LOS ANGELES (CBSLA.com) — An “accelerated” construction schedule added about $415 million to the cost of renovating the Tom Bradley International Terminal at LAX, pushing the project’s cost over $1 billion, according to an report released Friday.
The findings were part of an audit conducted by the City Controller’s Office, which blamed the extra costs on officials with Los Angeles World Airports, the city agency that manages Los Angeles International Airport,working to complete the project ahead of schedule.READ MORE: Amazon Web Services Suffers Outage; Slows Disney+, Roku, Venmo
While potentially costly change orders frequently happen on large city projects, City Controller Ron Galperin told KNX 1070 NEWSRADIO that city officials had “designed the terminal on the fly and pushed for completion on an accelerated schedule.”
“It was predictable that costs would go up, but it really got very expensive simply because there was a rush to get things done,” he said. “There were some reasons why they were rushing, but it cost the city quite dearly.”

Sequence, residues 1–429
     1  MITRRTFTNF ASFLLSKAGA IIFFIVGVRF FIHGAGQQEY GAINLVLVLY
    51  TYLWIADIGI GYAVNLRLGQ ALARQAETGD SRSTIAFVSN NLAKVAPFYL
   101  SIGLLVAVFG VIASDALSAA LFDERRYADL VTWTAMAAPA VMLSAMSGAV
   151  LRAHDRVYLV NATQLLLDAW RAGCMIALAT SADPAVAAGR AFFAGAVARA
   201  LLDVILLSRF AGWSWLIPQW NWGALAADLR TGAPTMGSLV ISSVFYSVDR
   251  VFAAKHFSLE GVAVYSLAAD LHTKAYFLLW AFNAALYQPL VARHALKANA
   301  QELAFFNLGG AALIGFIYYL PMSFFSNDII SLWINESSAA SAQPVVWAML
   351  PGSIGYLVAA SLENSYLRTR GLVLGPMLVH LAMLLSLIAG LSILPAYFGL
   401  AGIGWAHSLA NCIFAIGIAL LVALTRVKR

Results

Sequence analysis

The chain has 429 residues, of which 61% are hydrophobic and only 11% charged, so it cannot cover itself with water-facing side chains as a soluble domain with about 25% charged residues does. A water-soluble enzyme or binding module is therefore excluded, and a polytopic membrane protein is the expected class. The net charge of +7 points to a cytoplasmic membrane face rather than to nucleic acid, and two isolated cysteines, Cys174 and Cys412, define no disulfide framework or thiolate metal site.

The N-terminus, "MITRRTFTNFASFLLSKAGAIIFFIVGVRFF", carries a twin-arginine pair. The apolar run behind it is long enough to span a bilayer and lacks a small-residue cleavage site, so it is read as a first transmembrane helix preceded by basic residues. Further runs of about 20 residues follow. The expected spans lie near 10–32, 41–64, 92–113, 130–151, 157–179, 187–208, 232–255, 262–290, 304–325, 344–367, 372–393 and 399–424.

According to Galperin, who cited data from outside auditor KPMG, cities can typically see change orders account for anywhere between 5 percent to 10 percent of original contract values.
The terminal project made up the majority — about two-thirds — of the city’s $602 million in project cost overruns over three recent years, he said.READ MORE: Boy Killed, Young Girl Among 2 Wounded In Wilmington Shooting
Without taking into account the Bradley Terminal, the city’s percentage is a “relatively modest” 4.8 percent, about $208 million in change orders, according to the audit.
But when the Bradley Terminal is factored in, however, that percentage goes up to $12.6 percent, translating to about $623 million.
“The lesson here is that we need to be cost-conscious and share information and experiences across city departments,” said Galperin.
Auditors noted taxpayers would have saved as much as $12 million if city officials shaved as little as two percent from its final change order costs during the three-year period studied, according to Galperin’s office.
The audit looked at large-scale construction projects built by external builders and overseen by the city’s three proprietary departments – LAWA, the Department of Water and Power, and the Port of Los Angeles – and the Bureau of Engineering.MORE NEWS: Monorail Or Heavy Rail? Metro Wants Public Input On Ambitious Project To Connect San Fernando Valley To LAX
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